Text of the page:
Just like with people, need to lose weight eat less, need to gain weight eat more. You can even free feed the canned food, just add a little water to it and keep it away from a heat source such as the fridge or a heat vent and it will be fine left out up to 12 hours a day. When the dish is empty just refill, the only exception to that is you want to pick up the food about 2 hours before preshot tests to get a true, non-food influnenced reading. But other than that she can munch on canned food to her heart's content. You can even freeze canned food and put it out frozen for her to nibble on as it thaws for those times when you aren't going to be home, or to hold her overnight

    Mel, Maxwell, Autumn & The Fur Gang
     
  61. squeem3

    squeem3 Well-Known Member

    Joined:
    Dec 28, 2009

    Stella and Chewy's freeze dried raw for cats came out earlier this year. It won't hurt to give it a try. Buy one of those single serve pouches to see if your cat likes it or not so that you're not wasting money on a big bag. There are 6 different varieties that are diabetic-friendly. You can feed it as it, rehydrated in water, or sprinkled on top of canned food. See if your cat will eat straight from the fridge or slighly warmed up (few seconds in microwave) with the freeze dried raw on top.


    Yes, the NV formulas has enough of everything for cats :smile: The only difference is the labeling (for dogs or for cats) and the can sizes.
     
  62. Lucy

    Lucy Member

    Joined:
    Nov 11, 2012
    Ok, so I just have to share that the young again zero carb arrived today. After barely touching her wet food all morning she is scarfing down the YA. She stepped right over the wet food for it. I know that dry food may not be ideal but I feel awful that she was losing weight because I was forcing her to eat the wet food (we tried every kind of wet food, my pantry is a wet food graveyard). I think that there isn't one right answer for everyone.

    Plus, the zero carb is high protein at 55% minimum. Her canned food is only 10% protein and she eats so little each day that I don't think she is getting her nutrients.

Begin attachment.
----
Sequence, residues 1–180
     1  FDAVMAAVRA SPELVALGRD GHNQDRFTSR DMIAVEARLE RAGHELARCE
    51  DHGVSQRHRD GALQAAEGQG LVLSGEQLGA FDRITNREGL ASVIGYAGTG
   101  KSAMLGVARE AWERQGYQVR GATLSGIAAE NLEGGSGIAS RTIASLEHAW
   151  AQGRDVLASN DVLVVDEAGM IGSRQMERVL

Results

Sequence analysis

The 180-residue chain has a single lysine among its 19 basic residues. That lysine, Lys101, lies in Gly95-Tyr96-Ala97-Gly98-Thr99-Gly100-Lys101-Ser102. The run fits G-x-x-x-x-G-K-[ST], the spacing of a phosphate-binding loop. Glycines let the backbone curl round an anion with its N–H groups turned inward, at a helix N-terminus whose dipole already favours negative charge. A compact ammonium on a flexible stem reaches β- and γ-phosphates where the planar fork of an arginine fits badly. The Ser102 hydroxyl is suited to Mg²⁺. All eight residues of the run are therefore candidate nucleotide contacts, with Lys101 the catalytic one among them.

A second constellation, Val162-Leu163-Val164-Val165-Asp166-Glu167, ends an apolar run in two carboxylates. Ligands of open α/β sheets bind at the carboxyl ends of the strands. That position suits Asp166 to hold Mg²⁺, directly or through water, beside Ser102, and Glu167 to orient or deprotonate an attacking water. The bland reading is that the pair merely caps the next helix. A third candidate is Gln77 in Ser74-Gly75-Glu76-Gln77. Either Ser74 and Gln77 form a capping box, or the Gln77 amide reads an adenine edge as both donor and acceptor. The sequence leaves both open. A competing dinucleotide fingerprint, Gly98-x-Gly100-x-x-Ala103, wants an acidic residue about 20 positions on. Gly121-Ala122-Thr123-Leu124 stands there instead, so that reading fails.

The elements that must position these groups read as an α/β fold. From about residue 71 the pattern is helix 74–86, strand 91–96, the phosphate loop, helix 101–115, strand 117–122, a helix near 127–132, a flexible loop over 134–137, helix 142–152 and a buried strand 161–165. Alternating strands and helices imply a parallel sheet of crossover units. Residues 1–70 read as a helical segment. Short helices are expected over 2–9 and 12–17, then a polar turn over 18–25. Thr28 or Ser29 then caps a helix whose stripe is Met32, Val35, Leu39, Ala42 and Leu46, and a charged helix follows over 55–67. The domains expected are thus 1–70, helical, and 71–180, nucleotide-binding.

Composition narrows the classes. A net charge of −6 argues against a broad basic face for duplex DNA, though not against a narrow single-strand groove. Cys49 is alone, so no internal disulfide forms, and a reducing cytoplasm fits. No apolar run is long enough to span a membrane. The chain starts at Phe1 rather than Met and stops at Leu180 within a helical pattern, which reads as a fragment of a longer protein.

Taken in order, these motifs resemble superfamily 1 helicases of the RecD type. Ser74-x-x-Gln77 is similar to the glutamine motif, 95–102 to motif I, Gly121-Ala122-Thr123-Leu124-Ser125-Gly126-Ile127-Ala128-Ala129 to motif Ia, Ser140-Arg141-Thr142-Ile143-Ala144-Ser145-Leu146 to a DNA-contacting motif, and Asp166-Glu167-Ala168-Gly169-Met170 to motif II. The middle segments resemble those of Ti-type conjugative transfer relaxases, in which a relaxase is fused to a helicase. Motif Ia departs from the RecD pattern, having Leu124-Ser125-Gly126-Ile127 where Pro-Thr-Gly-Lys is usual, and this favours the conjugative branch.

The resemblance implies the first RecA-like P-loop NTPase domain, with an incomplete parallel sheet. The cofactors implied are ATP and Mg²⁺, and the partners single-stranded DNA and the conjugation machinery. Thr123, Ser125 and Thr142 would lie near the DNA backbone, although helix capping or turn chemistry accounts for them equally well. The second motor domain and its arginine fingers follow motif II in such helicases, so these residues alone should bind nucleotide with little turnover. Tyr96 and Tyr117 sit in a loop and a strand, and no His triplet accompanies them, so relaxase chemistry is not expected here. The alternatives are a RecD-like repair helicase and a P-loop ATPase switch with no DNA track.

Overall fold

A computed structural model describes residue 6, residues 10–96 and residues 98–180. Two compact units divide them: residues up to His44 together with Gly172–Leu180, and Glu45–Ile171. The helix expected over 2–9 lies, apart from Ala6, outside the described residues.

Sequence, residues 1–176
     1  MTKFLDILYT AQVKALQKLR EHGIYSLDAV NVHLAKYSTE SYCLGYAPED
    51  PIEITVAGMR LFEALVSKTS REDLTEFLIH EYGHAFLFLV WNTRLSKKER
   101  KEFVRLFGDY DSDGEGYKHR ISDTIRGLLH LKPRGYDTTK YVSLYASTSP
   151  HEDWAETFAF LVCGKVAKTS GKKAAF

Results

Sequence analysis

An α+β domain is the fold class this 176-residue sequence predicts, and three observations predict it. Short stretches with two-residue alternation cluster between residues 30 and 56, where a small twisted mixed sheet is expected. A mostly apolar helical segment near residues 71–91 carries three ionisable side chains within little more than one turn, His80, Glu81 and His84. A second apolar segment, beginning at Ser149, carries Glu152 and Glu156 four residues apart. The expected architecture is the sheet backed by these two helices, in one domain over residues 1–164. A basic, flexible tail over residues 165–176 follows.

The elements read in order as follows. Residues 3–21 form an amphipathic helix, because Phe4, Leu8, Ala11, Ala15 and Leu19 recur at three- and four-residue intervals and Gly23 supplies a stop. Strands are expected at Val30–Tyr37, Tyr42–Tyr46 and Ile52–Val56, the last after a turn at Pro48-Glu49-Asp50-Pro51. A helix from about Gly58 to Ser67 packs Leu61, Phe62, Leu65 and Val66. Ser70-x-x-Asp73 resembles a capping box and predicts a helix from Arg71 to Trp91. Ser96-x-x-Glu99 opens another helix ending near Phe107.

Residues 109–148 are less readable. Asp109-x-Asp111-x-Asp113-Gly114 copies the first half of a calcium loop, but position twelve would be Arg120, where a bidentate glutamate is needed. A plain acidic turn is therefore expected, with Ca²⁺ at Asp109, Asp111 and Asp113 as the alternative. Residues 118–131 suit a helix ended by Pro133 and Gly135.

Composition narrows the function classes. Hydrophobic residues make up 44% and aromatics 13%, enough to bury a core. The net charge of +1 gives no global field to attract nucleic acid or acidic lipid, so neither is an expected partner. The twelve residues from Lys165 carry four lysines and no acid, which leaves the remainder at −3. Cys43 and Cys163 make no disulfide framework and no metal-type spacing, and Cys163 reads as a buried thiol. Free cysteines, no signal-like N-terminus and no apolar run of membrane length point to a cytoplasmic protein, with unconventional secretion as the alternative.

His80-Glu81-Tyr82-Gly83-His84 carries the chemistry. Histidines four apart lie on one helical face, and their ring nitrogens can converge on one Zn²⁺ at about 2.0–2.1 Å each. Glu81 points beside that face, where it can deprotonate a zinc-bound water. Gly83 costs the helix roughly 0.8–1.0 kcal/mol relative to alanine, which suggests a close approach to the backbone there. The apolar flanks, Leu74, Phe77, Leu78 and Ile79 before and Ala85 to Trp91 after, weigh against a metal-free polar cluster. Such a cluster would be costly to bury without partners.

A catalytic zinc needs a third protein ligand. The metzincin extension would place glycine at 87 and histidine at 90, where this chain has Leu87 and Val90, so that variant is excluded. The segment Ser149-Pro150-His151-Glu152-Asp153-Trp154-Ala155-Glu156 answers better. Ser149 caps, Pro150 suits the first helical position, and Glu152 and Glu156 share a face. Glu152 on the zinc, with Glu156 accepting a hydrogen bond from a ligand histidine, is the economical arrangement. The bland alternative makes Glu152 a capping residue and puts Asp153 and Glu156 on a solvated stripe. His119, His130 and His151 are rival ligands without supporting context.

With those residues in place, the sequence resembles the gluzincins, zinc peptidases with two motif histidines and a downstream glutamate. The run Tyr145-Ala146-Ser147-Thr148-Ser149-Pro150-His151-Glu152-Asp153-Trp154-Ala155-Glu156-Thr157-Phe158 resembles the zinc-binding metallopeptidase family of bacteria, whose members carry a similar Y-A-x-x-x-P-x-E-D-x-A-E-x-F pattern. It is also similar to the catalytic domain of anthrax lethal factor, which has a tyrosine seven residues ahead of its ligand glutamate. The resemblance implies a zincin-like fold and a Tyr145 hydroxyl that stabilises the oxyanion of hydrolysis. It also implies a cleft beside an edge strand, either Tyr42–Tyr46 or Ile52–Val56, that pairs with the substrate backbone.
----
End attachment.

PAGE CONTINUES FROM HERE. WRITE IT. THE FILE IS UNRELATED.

Anyways, I am going to take my chances. I can't stand to watch her lose weight, she doesn't like canned food, raw food, or dried raw food. I have changed her diet a dozen times now. She loves the no carb, she can free feed off of it, I am going with it.

    She is still eating! I haven't seen her eat this much in weeks.
     
  63. BJM

    BJM Well-Known Member

    Joined:
    Oct 6, 2010
    How're you doing the math on that?

    Its dry weight in grams for each of protein, carbohydrate and fat, times calories per gram (3.5 each protein and carbohydrate; 8.5 calories per gram for fat). Sum the total calories. Now take the percent of total calories from each of protein fat and carb

    ie
    calories from protein / total calories = % calories from protein
    calories from fat / total calories = % calories from fat
    calories from carbohydrate / total calories = % calories from carbohydrate
     
  64. Lucy

    Lucy Member

    Joined:
    Nov 11, 2012
    I didn't do any math, I just looked at the labels (10% protein on canned, 55% on young again).

    I really appreciate everyone's support in these forums. However, I have to make my own decision on this. I have never seen her like a food this much. She is old, skinny, and hates the wet food. I am going to let her enjoy her final meals....
    Heather
     
  65. BJM

    BJM Well-Known Member

    Joined:
    Oct 6, 2010
    Then the 55% isn't comparing apples to apples. You're comparing a dry food vs a wet food, without adjusting for the water content, plus you're doing it on weight, not % calories from source. We evaluate diets based on the % calories from carbohydrates, not the weight, and after the water content has been accounted for.

    You do need to do what works; you also need to be clear about what you're actually doing, though, so you don't make an error.
     
  66. Elizabeth and Bertie

    Elizabeth and Bertie Well-Known Member

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    Sep 6, 2010
    Lucy, the most important thing is that your cat eats. OK, dry food isn't 'ideal' but, if I had your cat, who knows, maybe I would come to exactly the same conclusions - and decision - that you have.

    Here's hoping that this food enables your cat to put on some much needed weight. But do keep an eye on her BG levels and water intake.

    (((Hugs))) to you. I know this hasn't been an easy decision for you to make.
     
  67. Lucy

    Lucy Member

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    Nov 11, 2012